[May 2 2016]
Purple presents an exclusive extract from the fantastic new novel The Natashas from Ukraine-born writer Yelena Moskovich. The surreal world as described in Moskovich’s debut novel recalls that of Cindy Sherman, David Lynch or Haruki Murakami. As the story goes…
Béatrice, a solitary young jazz singer from a genteel Parisian suburb, meets a mysterious woman named Polina. Polina visits her at night and whispers in her ear: ‘There are people who leave their bodies and their bodies go on living without them. These people are named Natasha.’
César, a lonely Mexican actor working in a call centre, receives the opportunity of a lifetime: a role as a serial killer on a French TV series. But as he prepares for the audition, he starts falling in love with the psychopath he is to play. Béatrice and César are drawn deeper into a city populated with visions and warnings, taunted by the chorusing of a group of young women, trapped in a windowless room, who all share the same name … Natasha.
The following extract was selected by Yelena Moskovich from The Natashas, available to buy here.
For a man in his sixties, Marcel was in very good shape. Not just physically either, although he did have a pull-up bar bolted in the doorway from the kitchen to the living room. His eyes had a sheen of perpetual delight. The look of a boy who’s hiding a beetle behind his back.
They walked through the hallway and went into the office room.
“Take a seat!” Marcel said to César, and hopped over to the other side of the desk.
On the bookcase behind Marcel sat two framed photos of two girls. The younger girl was on the top shelf, with a thin, smart aleck smile. Her eyes were forceful, certain. The older girl was on the shelf below, with her lips held together, not smiling. Her eyes now used their strength to push something away. César had always assumed these were Marcel’s daughters, as both strongly resembled each other.
Marcel had the frames turned outward, so that they faced whoever was sitting in the chair in front of him. This gave the impression that no matter what he said, the two girls agreed with him.
Marcel drum-rolled with two fingers on the side of his desk.
“Manuel Rodriguez!” he announced. “The role of a lifetime!”
“Manuel Rodriguez,” César repeated shyly.
“Big fish material, kid! Latino psycho type. You know better than I do, right?” Marcel gave a wink.
“. . . Latino psycho like . . .”
“Pepe Psicapato! Loco Nacho! Twisted in the head beneath his sombrero, you know . . .”
“. . .Twisted . . . like . . . how?”
“Come on, buddy. He’s tracking down young women, some of them girls, innocent girls, pretty girls . . . He’s tracking them down and . . .you know.”
“What’s he doing to them?” César was suddenly concerned.
“Oh, awful things. Disgusting things. Areeeeba areeeba, right . . .”
César looked at Marcel, trying his best to understand. He glanced up and caught the two faces of the girls, one smiling and the other frowning. He was starting to feel uneasy. Marcel sniffed loudly, interrupting.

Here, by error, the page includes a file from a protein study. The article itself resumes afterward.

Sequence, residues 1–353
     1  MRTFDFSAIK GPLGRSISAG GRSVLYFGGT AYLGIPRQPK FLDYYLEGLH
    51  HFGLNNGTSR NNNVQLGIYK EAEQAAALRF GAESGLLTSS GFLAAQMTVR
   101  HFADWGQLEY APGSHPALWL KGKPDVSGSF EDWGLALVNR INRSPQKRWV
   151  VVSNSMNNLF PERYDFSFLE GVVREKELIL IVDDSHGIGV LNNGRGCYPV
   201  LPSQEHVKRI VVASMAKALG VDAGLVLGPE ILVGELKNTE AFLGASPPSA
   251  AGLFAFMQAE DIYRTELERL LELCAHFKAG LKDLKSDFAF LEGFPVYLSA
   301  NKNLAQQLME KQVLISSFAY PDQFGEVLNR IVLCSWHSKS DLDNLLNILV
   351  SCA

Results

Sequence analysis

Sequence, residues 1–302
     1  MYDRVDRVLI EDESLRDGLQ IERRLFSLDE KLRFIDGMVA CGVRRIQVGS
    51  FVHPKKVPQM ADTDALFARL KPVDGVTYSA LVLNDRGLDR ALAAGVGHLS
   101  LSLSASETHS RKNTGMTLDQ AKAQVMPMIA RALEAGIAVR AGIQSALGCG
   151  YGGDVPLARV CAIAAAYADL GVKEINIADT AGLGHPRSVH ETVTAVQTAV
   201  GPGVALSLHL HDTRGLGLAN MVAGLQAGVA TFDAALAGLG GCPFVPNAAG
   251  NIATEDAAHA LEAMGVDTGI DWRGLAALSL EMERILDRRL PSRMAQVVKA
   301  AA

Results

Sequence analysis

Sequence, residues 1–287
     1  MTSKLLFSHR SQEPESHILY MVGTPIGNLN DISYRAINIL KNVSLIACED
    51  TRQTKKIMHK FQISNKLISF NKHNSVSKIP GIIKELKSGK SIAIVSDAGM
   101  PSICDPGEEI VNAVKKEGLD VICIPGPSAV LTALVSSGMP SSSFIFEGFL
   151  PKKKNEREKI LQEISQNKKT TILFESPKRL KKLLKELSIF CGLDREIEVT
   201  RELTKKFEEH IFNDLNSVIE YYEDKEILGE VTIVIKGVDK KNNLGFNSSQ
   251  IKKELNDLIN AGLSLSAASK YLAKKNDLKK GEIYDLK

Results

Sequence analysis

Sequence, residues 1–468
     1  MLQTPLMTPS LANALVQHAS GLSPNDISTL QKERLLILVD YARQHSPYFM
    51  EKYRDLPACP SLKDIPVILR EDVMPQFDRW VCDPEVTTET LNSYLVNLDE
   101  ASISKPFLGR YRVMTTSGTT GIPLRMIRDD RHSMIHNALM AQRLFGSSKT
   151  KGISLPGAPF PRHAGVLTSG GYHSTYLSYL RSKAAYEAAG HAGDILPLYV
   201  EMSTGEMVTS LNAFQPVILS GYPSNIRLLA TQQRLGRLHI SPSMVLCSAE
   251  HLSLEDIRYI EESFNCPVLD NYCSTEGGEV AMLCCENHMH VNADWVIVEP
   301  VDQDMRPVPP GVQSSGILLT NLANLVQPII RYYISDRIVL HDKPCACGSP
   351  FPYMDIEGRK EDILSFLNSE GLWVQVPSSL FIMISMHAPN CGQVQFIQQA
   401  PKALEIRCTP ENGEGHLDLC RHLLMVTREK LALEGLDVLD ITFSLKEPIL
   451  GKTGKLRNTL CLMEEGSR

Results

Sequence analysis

“The audition is tomorrow morning, so you gotta sink into this quick.”
“You think you can handle a macho muchacho like that? You know, a man who would do that . . . to young, innocent, pretty girls . . .”
“. . . I mean, I’d have to look at—”
“WOA. Woa woa woa.” Marcel jumped. He grabbed the sides of his desk and pulled in towards César. “Buddy, please. Don’t let me down here. You can’t let me down on this one.”
“The thing is, I’ve already buttered up one of the producers about you. We’re dealing with big fish here, for you and for me. You’re my man here. You’re their man. You’re the man! Say it. Say it with me, buddy. Tell me. Tell me you’re my loco nacho . . .”
César’s mind began to race. Thirteen episodes. National TV. Wide distribution. DVD. Spanish subtitles. His family could see it in Mexico. His brothers. Tough guy. Scary guy. Psychos don’t take shit. No one messes with a psycho. César suddenly felt so excited, the pinheads in his eyes sparkled feverishly, as if trying to become meteors. Marcel stared at him anxiously.
“I’M YOUR LATIN PSYCHO!” César roared.
Marcel smiled with so much tenderness, César almost called him Papa.
The two young girls stared down at César, one smiling and one frowning at his fate.
Years away, a ten-year-old girl with puffed eyes walks into her big sister’s room.
I can’t sleep, Bee.
Years away, a young bride is lying lifeless at the bottom of the bathtub.
Years away, a reporter asks a glazed-eyed boxer:
So how does it feel to be the world champion?
Years away, Violeta shoots herself in the head.
Years away, a man extends a fresh, white rose.
Years away, children sing the national anthem around a gagging girl.
I’m just a fighter . . . You are my country, you are my family. My fists are yours.
A young girl’s tailbone hits the edge of the stairs.
A sleek red door closes and the Mercedes drives off.
“Excuse me . . .”
The Head Natasha stops her lesson and looks down at the crouching girl.
“Um . . . I was just wondering . . .”
“Yes . . .”
“. . . where does our pain go?”
She takes her arms off her knees, and sits up. Her kneecaps look like two putrid papayas.
“Well, that is a good question. You see, whatever hurts on your body is like a mass of cold water rising and breaking against a bunch of rocks, and you just have to remember that there’s someone up there with a paintbrush and easel, trying very hard to paint every droplet of that crash on to a canvas, so you can’t be moving around too much. If you stay still, he can finish the painting, and then it can be hung up in the Louvre.
“Loov-rah,” the Natashas repeat.
“And that’s where it goes, girls. It becomes a PAINting.”
I said, trees take my scream. I said, soil, take my scream. I said water,
take my scream, a chorus of women chant.
One Natasha yawns. “My soul hurts . . .”
Text Yelena Moskovich and portrait Inès Manai